Georgia is comparatively less expensive than some other states if you wish to create an LLC. Compare the $500 filing cost in Massachusetts to the $100 filing fee in the Peach State. Aside from costs, there is a lot to understand about creating a Georgia LLC. Let’s walk you through the process of creating an LLC in Georgia step-by-step and point out crucial factors to take into account.
Pick a Name for Your LLC
Finding out if the name you have in mind for your company already exists is the first thing to do. Your business name must be distinct from other Georgian companies in order to create an LLC there. The terms “limited liability company,” “limited company,” or the initials “LLC,” “LC,” “L.L.C,” or “L.C.” must also appear in the name of your LLC. Limited and company can both be shortened to “ltd.” and “co.” respectively.
Review Georgia’s name availability requirements and run a name search on Georgia companies to avoid any potential issues. You can file your LLC form if your name research comes back clean. You can also pay $25 to reserve your name for 30 days if you aren’t ready to file just yet.
Choosing a registered agent.
A registered agent is a person or organization that has the legal right to receive correspondence from the government on your LLC’s behalf. A firm that is permitted to conduct business in Georgia, a Georgia corporation, or a Georgia resident may all serve as registered agents. The agent must have a Georgian street address.
You can designate yourself, a worker, a friend, or your attorney as your registered agent in Georgia; a third party is not necessary. A registered agent service that handles the job for you might be used in lieu of this
Submit Your Forms for a Georgia LLC
The Georgia Secretary of State will receive your Articles of Organization if you’re creating a new LLC there. Online filings for the procedure cost $100, while paper filings cost an extra $10. See the section below on foreign entities if you wish to register your business in Georgia if you already have one operating in another state.
What Else Georgians Should Know About LLCs
Here are a few other essential considerations.
You are a “foreign entity” if you have already established an LLC in another state. By submitting an Application for Certificate of Authority and paying a $225 fee ($235 for paper filings), you can request permission to conduct business in Georgia.
The procedure might be more difficult, though, if you wish to move your out-of-state LLC to Georgia. Georgia is not one of the states that permits LLC domestication, a straightforward process that lets you move an LLC from one state to another. It’s a good idea to get legal counsel on the optimal transfer procedure structure for your company because there are a few distinct options.
Annual Registration of Businesses
Be advised that between January 1 and April 1 of every year, Georgia requires LLCs to submit an Annual Business Registration. There is a $50 fee. You will be charged a $25 late fee if the registration isn’t received by the deadline.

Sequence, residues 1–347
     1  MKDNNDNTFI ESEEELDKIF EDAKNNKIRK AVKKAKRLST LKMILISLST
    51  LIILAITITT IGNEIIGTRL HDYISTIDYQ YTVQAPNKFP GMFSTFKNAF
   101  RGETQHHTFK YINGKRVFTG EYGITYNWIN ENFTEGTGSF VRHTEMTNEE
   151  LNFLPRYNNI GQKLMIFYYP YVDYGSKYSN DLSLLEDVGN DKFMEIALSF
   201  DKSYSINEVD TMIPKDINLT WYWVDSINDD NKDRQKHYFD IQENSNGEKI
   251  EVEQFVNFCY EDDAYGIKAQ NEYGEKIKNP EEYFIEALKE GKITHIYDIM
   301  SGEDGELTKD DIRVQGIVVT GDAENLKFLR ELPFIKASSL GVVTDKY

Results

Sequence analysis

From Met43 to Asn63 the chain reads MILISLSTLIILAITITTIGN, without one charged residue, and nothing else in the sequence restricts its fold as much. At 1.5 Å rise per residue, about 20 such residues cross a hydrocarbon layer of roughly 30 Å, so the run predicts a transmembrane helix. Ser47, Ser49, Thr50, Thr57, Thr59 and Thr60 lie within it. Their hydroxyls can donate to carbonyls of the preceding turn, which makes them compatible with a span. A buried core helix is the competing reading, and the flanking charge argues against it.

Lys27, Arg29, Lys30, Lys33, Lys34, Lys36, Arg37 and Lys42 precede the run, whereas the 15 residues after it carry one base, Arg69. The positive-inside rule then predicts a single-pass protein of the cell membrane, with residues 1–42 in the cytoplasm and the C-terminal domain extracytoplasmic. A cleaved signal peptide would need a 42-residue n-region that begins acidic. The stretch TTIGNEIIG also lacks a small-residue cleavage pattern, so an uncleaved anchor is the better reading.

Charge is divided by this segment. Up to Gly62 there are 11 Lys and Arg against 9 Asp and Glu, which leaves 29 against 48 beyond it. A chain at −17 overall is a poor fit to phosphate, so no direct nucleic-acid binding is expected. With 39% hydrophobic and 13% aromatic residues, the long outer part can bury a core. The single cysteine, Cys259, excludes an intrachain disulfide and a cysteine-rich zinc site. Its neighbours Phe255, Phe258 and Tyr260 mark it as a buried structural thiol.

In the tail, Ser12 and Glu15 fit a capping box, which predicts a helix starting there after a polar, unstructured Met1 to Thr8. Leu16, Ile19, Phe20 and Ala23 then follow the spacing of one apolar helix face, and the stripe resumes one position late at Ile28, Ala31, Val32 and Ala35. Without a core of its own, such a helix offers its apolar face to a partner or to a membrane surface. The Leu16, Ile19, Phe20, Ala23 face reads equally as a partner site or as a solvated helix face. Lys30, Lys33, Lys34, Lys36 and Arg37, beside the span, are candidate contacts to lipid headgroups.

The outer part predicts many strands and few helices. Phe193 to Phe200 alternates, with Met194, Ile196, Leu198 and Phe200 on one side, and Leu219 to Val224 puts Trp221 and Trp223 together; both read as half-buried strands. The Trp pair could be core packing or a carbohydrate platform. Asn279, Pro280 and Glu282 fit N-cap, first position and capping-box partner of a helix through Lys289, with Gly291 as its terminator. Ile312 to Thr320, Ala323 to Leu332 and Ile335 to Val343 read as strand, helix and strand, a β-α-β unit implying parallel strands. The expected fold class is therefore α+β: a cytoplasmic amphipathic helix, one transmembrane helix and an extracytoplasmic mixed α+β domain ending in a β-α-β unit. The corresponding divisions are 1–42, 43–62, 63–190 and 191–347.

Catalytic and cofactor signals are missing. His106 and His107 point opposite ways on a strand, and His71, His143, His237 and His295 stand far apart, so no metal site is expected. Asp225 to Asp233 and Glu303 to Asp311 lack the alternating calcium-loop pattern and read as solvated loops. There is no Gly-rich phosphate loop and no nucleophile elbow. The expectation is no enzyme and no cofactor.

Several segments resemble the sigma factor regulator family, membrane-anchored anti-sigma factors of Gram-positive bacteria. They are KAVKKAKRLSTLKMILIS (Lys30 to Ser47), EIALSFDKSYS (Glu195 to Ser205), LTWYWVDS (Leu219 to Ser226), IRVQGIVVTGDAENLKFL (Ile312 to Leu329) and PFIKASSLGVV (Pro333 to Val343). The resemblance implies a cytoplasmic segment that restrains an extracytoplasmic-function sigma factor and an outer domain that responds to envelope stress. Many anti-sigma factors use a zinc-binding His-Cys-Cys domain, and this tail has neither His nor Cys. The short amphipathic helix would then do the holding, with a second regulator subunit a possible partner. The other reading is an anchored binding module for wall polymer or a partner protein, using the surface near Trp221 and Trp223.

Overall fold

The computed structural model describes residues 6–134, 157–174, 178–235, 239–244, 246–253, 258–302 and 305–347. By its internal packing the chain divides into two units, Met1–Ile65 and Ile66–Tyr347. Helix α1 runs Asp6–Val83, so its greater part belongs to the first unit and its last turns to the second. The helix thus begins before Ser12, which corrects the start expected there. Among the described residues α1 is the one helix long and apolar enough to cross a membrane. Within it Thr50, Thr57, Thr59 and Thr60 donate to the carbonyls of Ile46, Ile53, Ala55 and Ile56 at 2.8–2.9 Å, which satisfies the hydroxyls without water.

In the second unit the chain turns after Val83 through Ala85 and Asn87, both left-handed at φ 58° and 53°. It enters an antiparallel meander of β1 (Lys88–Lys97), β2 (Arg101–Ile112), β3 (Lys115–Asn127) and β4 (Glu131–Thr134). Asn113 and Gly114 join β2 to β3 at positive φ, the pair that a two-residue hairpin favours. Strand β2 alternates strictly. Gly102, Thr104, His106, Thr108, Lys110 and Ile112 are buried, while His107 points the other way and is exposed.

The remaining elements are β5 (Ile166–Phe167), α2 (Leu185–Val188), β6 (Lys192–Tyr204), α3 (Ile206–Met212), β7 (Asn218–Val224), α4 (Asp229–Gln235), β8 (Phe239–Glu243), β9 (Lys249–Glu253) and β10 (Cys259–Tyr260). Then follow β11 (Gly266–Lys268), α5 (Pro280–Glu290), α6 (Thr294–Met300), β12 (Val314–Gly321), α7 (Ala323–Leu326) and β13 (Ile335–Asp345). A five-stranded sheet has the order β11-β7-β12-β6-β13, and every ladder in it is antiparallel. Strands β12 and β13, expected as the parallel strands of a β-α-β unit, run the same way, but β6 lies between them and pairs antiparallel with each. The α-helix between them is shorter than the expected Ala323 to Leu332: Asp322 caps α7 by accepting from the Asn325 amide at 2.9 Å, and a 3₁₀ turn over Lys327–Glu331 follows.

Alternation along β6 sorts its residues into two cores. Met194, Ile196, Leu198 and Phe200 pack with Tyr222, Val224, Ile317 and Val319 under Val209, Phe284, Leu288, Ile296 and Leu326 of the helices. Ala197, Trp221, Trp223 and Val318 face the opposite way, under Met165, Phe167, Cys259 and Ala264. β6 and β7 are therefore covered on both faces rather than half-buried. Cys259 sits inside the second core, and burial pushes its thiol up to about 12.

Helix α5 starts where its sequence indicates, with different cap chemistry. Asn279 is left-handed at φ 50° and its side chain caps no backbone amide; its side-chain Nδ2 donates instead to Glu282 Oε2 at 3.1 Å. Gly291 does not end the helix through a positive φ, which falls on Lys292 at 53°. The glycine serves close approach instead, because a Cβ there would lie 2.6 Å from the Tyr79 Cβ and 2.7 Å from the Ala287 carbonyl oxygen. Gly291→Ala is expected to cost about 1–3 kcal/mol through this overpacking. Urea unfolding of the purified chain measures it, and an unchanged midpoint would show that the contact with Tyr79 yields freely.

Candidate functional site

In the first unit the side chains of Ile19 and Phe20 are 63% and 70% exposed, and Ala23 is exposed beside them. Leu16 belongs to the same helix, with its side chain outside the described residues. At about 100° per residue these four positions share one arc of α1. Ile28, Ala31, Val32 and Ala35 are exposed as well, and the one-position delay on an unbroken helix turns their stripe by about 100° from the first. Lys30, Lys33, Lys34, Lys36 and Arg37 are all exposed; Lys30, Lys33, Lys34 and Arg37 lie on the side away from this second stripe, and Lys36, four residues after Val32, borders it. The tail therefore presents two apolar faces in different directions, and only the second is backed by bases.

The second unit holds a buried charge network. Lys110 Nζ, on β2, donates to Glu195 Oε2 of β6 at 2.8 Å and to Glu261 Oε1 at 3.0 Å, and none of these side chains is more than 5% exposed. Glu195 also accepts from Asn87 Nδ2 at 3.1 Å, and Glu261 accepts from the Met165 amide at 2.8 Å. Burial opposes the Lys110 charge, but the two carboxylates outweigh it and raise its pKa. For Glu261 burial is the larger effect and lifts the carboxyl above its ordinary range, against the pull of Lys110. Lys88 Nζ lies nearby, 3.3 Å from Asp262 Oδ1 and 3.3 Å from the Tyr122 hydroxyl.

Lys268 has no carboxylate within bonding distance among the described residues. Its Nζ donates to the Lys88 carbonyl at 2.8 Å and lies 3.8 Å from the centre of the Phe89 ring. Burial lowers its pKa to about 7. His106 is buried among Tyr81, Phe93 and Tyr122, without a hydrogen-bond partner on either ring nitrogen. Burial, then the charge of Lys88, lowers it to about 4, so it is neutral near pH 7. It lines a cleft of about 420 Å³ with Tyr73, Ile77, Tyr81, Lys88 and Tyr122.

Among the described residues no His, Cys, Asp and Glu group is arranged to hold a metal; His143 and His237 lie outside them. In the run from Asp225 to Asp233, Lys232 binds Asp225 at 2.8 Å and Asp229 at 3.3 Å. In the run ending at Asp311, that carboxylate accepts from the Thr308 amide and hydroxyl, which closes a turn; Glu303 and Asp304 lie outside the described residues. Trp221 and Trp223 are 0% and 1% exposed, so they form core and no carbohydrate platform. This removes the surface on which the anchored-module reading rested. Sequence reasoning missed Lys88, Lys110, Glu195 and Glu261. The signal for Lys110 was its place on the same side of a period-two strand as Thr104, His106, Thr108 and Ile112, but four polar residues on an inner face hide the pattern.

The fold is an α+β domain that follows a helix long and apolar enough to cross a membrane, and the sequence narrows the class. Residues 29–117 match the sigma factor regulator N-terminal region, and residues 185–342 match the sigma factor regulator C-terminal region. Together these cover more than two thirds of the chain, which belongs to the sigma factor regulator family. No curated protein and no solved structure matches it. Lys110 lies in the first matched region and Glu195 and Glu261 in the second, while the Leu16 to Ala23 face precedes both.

Annual registration is necessary for:
- The control number or business name
- The name of person filing the annual registration
- An email address
- The mailing address of the principal office
- The name and address of the registered agent.
- Acceptable form of payment.
Credit cards, checks, including certified checks, and money orders are currently accepted in Georgia. Include the three-digit security code if purchasing with a credit card. The steps to finish the procedure are listed on the official website.
Georgia Operating Agreements
It’s not necessary to have an operating agreement to form your Georgia LLC. Operating agreements are still helpful instruments. A professional foundation will be established if you create one when you first form your LLC. If an LLC has numerous members, each one will be aware of their specific responsibilities inside the company as well as their legal and financial responsibilities.
An extra layer of liability protection may also be offered by the existence of an operating agreement. It further confirms that your personal funds and your business are totally distinct from one another.
What is an LLC?
Limited liability company is referred to as a “LLC.” It is one of several kinds of legal entities that entrepreneurs may create. LLCs offer superior liability protection over sole proprietorships and are more adaptable than corporations. LLCs effectively protect your personal assets, and you have a variety of taxation options.
What’s the difference between an LLC, DBA and a corporation?
Using a DBA, or doing business as, enables an individual to conduct business using a trade name other than their legal name or their already-existing company name. A DBA is a company’s registered moniker rather than a specific kind of business.
Registered business entities include corporations and LLCs. Shareholders own corporations, whereas “members” are the people who own LLCs. Read up on the distinctions between corporations and limited liability companies for a more complex understanding.
What’s the cheapest state to register an LLC?
Kentucky is the cheapest state at present, with a $40 filing fee. Please note LLC pricing is subject to change. Fluctuations in costs could cause another state to become more affordable.
Can I get an LLC for free?
While fees are often associated with LLCs, qualified persons may be exempt from them under specific conditions, such as when state legislatures vote to eliminate costs for veterans or people from low-income neighborhoods. To find out if such exemptions are now offered and to find out if you qualify, contact the stat